Tuesday, August 14, 2018

The Trail of Tears + A Reminder about Tomorrow Evening's Forum at AICHO on Treaty Rights & More

"When a white army battles Indians and wins, it is called a great victory, but if they lose it is called a massacre."
 --Chiksika, Shawnee

The relationship between our U.S. government and the native peoples who occupied these lands before the coming of the Europeans has had many tragic moments. One of the most appalling was the removal of the Cherokee, Choctaw and others from their native homelands in the Southeast to a desolate barren region called Oklahoma.

In 1830 President Andrew Jackson championed the Indian Removal Act which was essentially a forced deportation. There were objections raised in some quarters. Chief Justice John Marshall of the Supreme Court stated that the act was unconstitutional. President Jackson said, essentially, "Try and stop me." In other words, the president had the army, the Court only had pieces of paper.

"The Chaos of Ghost Fish" -- painting by Moira Villiard
Alexis de Tocqeville, French philosopher who was studying the American experience at the time, wrote of this forced removal, "In the whole scene there was an air of ruin and destruction... one couldn't watch without feeling one's heart wrung."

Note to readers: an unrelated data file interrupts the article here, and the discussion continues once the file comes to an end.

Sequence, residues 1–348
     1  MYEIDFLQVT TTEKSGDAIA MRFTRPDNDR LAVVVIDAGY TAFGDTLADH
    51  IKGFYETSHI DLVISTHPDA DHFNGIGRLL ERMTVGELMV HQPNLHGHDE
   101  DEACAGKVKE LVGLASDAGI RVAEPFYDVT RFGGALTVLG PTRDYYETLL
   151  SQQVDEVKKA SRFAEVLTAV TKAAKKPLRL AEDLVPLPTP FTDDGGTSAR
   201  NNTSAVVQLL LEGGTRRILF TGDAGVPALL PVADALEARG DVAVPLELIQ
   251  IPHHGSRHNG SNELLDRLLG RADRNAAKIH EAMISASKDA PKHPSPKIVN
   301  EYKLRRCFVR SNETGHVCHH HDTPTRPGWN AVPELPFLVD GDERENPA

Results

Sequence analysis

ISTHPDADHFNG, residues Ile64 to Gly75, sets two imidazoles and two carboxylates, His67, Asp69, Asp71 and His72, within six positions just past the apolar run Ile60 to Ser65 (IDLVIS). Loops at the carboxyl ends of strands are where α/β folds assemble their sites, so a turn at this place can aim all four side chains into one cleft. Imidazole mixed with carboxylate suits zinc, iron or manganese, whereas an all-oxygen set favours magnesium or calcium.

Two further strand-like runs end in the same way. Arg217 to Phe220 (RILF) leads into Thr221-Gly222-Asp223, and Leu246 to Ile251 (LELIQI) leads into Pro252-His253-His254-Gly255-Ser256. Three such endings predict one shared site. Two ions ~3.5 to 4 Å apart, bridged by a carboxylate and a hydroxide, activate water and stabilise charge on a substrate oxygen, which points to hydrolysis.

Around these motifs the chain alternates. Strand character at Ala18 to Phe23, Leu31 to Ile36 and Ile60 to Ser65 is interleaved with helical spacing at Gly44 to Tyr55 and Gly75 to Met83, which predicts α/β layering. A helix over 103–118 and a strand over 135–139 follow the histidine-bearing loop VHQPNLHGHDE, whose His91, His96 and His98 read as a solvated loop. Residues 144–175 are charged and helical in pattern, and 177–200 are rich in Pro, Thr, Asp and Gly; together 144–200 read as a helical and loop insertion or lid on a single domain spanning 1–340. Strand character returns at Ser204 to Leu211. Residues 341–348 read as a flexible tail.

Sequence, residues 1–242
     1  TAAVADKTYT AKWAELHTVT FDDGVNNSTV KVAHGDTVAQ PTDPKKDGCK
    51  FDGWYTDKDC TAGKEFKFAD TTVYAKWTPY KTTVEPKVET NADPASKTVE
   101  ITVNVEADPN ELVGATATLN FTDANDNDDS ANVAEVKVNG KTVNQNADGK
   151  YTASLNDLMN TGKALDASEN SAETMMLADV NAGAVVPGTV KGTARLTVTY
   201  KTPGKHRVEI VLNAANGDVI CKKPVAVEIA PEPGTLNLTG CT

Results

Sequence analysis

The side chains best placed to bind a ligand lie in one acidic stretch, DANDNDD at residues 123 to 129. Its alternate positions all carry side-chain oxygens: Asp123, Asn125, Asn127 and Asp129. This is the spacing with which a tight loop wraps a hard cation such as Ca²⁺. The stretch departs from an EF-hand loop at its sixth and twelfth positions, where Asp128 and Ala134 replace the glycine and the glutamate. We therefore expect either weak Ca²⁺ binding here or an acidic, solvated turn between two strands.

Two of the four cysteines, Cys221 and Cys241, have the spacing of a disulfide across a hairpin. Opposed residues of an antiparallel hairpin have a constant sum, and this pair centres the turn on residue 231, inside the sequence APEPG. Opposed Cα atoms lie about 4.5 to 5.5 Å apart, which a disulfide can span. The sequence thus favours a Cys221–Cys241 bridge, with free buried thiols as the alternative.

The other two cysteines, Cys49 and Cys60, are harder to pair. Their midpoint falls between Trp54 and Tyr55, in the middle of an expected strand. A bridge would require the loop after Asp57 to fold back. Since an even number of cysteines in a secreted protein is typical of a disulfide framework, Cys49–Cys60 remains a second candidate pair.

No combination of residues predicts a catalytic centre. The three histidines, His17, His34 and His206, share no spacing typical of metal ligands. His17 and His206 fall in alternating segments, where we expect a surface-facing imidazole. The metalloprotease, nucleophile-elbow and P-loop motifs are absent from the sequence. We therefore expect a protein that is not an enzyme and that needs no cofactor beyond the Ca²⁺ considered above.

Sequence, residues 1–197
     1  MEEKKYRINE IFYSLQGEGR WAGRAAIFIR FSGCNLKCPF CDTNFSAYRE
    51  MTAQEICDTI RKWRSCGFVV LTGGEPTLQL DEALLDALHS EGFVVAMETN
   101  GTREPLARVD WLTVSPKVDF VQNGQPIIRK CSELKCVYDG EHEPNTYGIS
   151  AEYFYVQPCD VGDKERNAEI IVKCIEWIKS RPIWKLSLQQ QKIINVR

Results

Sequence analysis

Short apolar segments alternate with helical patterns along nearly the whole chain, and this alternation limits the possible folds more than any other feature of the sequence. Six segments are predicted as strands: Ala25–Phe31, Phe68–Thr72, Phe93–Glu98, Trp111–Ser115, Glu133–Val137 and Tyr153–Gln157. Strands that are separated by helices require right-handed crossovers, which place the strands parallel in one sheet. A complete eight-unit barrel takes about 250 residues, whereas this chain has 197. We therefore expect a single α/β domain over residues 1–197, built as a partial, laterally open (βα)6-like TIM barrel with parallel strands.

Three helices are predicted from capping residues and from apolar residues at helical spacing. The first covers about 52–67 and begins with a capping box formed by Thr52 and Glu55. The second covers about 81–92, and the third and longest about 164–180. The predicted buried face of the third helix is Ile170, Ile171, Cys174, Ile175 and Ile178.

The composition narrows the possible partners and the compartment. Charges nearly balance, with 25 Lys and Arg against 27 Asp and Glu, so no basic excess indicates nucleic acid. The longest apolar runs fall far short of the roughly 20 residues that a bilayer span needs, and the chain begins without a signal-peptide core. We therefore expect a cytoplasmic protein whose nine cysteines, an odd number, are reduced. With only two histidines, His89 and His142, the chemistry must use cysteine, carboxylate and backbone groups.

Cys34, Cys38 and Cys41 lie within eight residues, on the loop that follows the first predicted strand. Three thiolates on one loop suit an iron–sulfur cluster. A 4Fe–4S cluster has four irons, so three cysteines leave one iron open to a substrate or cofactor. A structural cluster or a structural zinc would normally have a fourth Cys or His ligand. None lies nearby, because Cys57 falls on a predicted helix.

Essentially it was a land grab and, amazingly, the country allowed this thing to happen. All through the 1830's tribal peoples were forced out and relocated. Thousands died along the way. As they made their way west from the Carolinas, however, many escaped and disappeared into the forested hills of Tennessee and fled north into Eastern Kentucky.

Today, most people give little thought to this forgotten incident. Yet we honor President Jackson with his portrait on our twenty dollar bill. No wonder history is so messy and confusing.

“Treaty Rights, Climate Justice and Decolonization”  

Wednesday evening at 7 p.m. three local organizations – AICHO, Minnesota Interfaith Power and Light, and TakeAction Minnesota – are hosting a free informational forum on the topics of “treaty rights, climate justice and decolonization.”  The event will feature four speakers who will share their knowledge and personal experiences about these topics. They include: Ricky Defoe, Lyz Jaakola, Niib Aubid, and Joseph Bauerkemper.

The panel will unpack the history and origin of treaty rights, how they have been used over time, and the role treaty rights currently play in resource extraction, resilience and relationships between Native and non-native peoples.

WHEN: August 15 at 7 pm
WHERE: AICHO – 212 W. 2nd Street, Duluth, MN.

Related Links
State of Minnesota, Fond du Lac Band reach agreement on treaty rights
Endangered, the current exhibition at AICHO
A Brief History of the Trail of Tears
The Trail of Tears and Its Aftermath

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